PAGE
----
Help with rounding slash program

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# Thread: Help with rounding slash program

1. Registered User
Join Date
Nov 2005
Posts
16

## Help with rounding slash program

I made a program that calculates pie(i think it works) but the answer is always rounded i get like 4.0.
I also noticed that if i System.out.println(3/4) it doesnt output a decimal number.
Can anyone help me?
Thanks.

Edit: Btw the program should output around 3.1 something when you enter 10 as number of iterations. (around pie)

Code:
```import java.util.Scanner;
public class pie {
// pi * 4 = 1 - (1/3)+(1/5)-(1/7)+...
public static void main(String[] args) {

Scanner input = new Scanner(System.in);
int iter;
double pie;
boolean minus = true;
System.out.println("<<<< Pie Calculator >>>>");
System.out.print("\nEnter The Number of iterations to use to approximate pie: ");
iter = input.nextInt();

pie = 1.00001;

for (int i=3 ; i < iter ; i+= 2)  {

if (minus= true)		{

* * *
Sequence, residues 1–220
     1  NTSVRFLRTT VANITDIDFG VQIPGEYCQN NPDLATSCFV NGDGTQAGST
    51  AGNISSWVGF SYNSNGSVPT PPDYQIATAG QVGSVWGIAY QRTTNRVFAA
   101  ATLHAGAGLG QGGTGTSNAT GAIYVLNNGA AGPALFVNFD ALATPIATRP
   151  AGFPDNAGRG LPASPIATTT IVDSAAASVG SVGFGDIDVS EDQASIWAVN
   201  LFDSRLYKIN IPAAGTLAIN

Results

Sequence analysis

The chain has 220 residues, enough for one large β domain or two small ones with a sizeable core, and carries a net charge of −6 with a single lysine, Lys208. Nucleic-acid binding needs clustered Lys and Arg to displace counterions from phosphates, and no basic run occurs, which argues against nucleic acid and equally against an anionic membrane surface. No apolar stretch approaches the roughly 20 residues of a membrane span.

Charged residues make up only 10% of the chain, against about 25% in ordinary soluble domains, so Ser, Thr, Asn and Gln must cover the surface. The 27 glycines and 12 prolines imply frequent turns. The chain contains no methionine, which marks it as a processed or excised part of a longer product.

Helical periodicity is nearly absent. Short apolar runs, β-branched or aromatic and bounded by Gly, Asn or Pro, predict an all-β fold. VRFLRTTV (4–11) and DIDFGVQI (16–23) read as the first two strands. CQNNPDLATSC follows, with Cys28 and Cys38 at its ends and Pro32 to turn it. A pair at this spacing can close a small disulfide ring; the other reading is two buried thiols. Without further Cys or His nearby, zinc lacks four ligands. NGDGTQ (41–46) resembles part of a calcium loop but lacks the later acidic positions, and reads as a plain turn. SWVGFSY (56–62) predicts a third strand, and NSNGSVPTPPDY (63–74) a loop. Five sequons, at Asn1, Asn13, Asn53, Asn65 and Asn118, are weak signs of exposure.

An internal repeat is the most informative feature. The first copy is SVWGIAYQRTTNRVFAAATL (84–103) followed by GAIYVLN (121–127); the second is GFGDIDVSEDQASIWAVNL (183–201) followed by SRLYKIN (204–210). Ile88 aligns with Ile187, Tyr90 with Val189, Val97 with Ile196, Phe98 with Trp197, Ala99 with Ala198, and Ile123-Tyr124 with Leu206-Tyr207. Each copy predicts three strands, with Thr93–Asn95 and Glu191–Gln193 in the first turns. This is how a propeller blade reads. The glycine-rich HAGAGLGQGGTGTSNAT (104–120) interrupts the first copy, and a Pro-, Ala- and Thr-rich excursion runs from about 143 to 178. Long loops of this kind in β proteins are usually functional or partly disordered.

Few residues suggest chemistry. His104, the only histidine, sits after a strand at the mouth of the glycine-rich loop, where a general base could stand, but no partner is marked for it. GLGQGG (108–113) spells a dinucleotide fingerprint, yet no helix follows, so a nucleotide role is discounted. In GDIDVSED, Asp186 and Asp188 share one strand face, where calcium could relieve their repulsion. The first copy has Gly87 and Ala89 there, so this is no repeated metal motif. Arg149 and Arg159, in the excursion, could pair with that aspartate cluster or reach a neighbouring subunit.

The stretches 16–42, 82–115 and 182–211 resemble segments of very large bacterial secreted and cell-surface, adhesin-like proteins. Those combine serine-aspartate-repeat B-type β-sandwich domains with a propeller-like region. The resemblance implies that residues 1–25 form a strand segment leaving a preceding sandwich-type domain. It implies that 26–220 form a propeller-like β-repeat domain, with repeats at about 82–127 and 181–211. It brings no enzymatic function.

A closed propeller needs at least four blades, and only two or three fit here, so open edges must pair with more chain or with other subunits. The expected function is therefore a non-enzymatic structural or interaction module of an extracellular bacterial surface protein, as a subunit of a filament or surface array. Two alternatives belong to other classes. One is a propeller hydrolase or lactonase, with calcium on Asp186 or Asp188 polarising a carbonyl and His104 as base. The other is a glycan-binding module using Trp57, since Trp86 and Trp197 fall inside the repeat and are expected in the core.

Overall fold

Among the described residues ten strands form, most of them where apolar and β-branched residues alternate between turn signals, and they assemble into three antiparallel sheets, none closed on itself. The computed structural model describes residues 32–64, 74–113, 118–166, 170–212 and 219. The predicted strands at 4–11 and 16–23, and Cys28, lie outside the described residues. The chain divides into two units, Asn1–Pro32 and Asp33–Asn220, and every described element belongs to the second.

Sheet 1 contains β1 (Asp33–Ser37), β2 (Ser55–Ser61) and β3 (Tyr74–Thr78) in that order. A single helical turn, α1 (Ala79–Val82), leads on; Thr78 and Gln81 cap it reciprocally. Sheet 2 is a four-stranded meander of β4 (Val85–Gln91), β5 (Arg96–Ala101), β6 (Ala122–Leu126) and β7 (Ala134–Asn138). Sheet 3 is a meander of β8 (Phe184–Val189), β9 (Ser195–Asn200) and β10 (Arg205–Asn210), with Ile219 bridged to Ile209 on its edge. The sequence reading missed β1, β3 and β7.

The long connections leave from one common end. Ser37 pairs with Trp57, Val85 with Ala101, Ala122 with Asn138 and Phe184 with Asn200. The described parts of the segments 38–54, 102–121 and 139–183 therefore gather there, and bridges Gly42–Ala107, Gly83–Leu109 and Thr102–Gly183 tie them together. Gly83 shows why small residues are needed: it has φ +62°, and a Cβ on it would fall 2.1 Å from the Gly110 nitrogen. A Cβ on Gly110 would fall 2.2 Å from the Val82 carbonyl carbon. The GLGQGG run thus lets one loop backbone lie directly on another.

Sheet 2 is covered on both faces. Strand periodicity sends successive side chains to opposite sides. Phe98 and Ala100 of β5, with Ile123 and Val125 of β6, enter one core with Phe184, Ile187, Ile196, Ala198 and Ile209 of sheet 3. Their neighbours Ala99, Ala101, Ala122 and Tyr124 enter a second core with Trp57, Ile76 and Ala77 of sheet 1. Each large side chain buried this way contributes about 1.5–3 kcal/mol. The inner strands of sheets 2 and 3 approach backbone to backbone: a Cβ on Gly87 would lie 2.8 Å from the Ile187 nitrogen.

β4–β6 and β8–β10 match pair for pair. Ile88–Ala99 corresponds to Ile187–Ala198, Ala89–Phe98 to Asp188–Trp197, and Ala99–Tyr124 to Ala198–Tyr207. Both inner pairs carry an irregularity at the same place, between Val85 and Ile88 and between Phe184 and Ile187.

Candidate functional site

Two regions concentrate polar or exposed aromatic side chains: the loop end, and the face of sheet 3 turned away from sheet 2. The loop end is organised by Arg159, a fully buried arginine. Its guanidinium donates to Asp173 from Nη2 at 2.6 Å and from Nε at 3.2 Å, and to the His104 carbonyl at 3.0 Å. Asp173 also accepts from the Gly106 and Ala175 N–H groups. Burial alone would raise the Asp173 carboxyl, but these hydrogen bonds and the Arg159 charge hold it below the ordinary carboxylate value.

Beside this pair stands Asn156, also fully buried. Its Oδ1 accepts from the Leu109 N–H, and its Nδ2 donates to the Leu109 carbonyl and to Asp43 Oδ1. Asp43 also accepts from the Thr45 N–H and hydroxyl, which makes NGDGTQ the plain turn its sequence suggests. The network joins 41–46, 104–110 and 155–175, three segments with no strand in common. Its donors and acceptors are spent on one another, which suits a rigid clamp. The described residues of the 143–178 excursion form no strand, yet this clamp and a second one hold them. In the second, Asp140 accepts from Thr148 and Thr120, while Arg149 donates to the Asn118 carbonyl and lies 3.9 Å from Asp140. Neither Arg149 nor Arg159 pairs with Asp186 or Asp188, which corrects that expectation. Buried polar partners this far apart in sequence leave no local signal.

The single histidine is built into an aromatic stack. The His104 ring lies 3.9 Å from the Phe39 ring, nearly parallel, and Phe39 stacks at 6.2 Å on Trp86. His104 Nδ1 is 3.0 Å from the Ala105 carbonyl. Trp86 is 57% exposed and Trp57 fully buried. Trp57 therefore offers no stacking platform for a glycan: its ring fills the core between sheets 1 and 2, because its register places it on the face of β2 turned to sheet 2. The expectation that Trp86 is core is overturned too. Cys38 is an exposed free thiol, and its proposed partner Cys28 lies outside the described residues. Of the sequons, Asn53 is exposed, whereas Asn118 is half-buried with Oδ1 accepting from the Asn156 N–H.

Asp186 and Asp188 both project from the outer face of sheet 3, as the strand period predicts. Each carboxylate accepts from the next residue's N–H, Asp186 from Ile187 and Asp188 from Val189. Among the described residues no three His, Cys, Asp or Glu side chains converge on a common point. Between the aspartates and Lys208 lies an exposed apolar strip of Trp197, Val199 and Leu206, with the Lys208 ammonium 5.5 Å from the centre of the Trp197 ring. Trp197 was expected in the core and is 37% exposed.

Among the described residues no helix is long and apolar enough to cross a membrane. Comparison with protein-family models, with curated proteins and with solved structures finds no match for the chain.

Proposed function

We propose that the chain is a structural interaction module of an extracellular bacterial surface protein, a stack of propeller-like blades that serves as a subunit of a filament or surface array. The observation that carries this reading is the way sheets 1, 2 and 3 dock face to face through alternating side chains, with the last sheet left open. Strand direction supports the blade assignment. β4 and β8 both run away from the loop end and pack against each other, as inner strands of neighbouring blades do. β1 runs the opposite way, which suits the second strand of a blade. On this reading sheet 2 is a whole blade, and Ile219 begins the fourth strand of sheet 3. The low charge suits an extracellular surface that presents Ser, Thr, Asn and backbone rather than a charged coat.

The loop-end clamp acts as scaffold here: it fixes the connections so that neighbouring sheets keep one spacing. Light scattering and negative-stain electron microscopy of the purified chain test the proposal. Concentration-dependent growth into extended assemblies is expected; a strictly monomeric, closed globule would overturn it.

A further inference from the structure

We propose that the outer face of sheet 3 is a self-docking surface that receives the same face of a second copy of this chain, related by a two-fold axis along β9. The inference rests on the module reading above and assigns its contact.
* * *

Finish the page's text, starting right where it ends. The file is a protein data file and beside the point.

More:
pie -=  1/i ;
minus = false;
}
else 			   {
pie +=  1/i;
minus = true; 	}

}

pie *= 4;

System.out.println("\nAmount of pie = " + pie +(3/4));

}
}```
Last edited by Darrel104; 10-04-2006 at 06:16 PM.

2. Registered User
Join Date
Oct 2006
Posts
1
Here is the solution you are looking for, using your code.

Code:
```import java.util.Scanner;
public class pie {
// pi * 4 = 1 - (1/3)+(1/5)-(1/7)+...
public static void main(String[] args) {

Scanner input = new Scanner(System.in);
int iter;
double pie;
boolean minus = true;
System.out.println("<<<< Pie Calculator >>>>");
System.out.print("\nEnter The Number of iterations to use to approximate pie: ");
iter = input.nextInt();

pie = 1.00001d;

for (int i=3 ; i < iter ; i+= 2)  {

if (minus)		{
pie -=  1d/(double)i ;
minus = false;
}
else 			   {
pie +=  1d/(double)i;
minus = true; 	}

}

pie *= 4d;

System.out.println("\nAmount of pie = " + pie +(3d/4d));

}
}```
Two issues here. The else would never execute because you were always assigning the value of true to minus. The comparison operator is == and you had =. Simply using minus or !minus would be sufficient.

The second issue is with your primitive data types. When performing arithmetic operations on two integer data types the result will be an integer. therefore 1/3 will always be 0 when the decimal is truncated. you must specify that the 1 and the 3 are doubles or floats by placing the d or f, respectively, behind them.
Last edited by Justin Zellers; 10-04-2006 at 09:53 PM.

3. Registered User
Join Date
Nov 2005
Posts
16
Thanks a whole lot i wouldnt of never found that out without you, never herd of that syntax rule.

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